Now that every well-to-do person’s pocket holds a camera, self-portraiture has been democratized to the point of nausea. Maybe that’s why there are no straightforward depictions of the human face in “Revealed,” an eight-person survey of artful self-imagery at IA&A at Hillyer. Traditional photographic portraits can still have power, though, as is demonstrated at the same venue by “The Last Swiss Holocaust Survivors.”

Thematically, the pieces chosen for “Revealed” by curator Nicole Dowd play familiar chords. Among these are memory, the body, family history, talismanic objects, personal identity and fragmentation. Many of the contributors use visual devices from cinema, which reflects how looking at movies has changed the way we view ourselves.

Eritrean-American painter Fithi Abraham splits his face across 12 narrow, vertically oriented panels; the slices may represent rupture, but they also offer a sense of becoming and potential unity. In Annette Isham’s video, shot with a drone and severed into unequal parts, two versions of a person meet and meld on a grasslands path.

Muriel Hasbun overlays a vintage portrait of parents and children with that of the bench on which they’re seated, as though it holds some recollection of the bygone moment. Mandy Cooper uses the flesh on her back and the soles of her feet as a canvas on which to print what are, most likely, old family photos. The ones on her back are in sequence, thus visually equating the artist’s lineage with her spine. In many of these works, ancestry and individuality are linked like vertebrae.

The large-format black-and-white photos in “The Last Swiss Holocaust Survivors” are presented more as history than art. The names of the nine subjects are emphasized over those of the photographers, Beat Mumenthaler and Eric Bergkraut. They are focused tightly, with narrow depth of field, to emphasize the weathering of flesh with age. These are not glamour shots.

Yet the subjects, whose stories are told in text and video, don’t appear fragile. What they endured and overcame, on their way to refuge in a country that didn’t want them, is inscribed on their faces. It’s also written on one arm whose tattooed number is not quite in focus and yet essential to the picture.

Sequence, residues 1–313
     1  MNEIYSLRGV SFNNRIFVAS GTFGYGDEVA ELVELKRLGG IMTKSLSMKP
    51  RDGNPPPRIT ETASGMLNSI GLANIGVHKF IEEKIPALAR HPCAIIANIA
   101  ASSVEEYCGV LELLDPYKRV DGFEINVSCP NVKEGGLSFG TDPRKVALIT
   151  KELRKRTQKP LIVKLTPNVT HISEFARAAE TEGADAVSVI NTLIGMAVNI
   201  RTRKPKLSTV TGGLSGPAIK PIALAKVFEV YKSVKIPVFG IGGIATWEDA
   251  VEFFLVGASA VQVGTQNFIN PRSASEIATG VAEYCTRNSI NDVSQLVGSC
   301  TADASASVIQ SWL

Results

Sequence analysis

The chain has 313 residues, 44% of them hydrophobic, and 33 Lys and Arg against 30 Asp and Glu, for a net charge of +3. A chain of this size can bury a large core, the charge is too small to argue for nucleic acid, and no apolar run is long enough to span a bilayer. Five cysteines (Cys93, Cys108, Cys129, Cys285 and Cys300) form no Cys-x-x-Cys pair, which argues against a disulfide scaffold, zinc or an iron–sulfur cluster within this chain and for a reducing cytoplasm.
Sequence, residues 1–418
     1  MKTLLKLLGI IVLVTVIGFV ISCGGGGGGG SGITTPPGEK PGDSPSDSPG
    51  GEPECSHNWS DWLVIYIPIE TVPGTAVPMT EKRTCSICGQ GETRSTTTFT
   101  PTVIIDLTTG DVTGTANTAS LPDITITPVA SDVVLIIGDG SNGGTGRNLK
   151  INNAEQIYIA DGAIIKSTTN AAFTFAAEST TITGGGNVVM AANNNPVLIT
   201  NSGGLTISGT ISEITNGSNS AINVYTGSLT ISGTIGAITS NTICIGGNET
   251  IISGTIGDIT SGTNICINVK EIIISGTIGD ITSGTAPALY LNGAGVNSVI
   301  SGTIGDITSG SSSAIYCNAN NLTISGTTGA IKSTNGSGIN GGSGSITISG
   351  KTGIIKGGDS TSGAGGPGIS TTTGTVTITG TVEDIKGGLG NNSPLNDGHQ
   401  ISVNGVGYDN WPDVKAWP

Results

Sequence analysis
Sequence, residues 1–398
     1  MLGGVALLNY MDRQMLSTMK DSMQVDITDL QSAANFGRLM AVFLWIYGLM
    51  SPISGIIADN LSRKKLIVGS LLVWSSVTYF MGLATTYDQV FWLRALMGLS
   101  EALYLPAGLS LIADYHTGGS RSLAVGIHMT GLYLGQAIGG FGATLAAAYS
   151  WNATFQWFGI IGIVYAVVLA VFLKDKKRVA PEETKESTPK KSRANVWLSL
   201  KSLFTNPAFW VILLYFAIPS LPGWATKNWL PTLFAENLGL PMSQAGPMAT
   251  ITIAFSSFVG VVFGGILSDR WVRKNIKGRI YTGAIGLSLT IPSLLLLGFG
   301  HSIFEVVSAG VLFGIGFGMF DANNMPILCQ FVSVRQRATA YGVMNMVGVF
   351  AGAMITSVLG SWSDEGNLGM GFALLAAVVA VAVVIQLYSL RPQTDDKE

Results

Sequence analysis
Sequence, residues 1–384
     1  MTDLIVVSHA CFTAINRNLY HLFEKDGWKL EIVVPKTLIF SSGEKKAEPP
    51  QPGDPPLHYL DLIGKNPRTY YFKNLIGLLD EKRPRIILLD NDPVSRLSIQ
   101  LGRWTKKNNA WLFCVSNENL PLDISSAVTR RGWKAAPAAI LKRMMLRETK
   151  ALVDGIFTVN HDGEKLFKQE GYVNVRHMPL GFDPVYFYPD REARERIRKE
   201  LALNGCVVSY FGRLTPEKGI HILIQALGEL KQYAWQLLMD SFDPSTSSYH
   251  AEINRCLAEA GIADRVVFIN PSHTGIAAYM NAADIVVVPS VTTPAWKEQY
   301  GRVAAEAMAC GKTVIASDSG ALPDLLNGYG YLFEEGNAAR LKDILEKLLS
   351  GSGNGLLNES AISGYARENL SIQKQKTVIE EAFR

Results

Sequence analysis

Revealed and The Last Swiss Holocaust Survivors Through April 29 at IA&A at Hillyer, 9 Hillyer Ct. NW. 202-338-0325. athillyer.org.

Scott Pennington

The location of Otis Street Arts Project, secluded near CSX train tracks, is not conceptually ideal for its show of playful, large-scale work by Scott Pennington. The Baltimore artist’s constructions really belong along a busy street, where their vivid hues and blinking lights could beckon to passersby.

Pennington has a background as a cabinet and furniture maker, not an architect. Yet his goal is to devise “social spaces with a significant architectural presence.” The aesthetic is retro, distilled from such examples of 20th-century American architecture as amusement parks and used-car lots. The artist defiantly equips his parcels of simulated urbanity with incandescent lightbulbs rather than more efficient and versatile LEDs.

The equipment matters to Pennington, who controls flickering bulbs with two kinds of relays. One type is silent, and the other provides a chorus of clicks that harmonize with the motor that spins the wheel at the center of one piece. Instead of the murmur of the crowd, it’s the chatter of machines that visitors to this sideshow hear.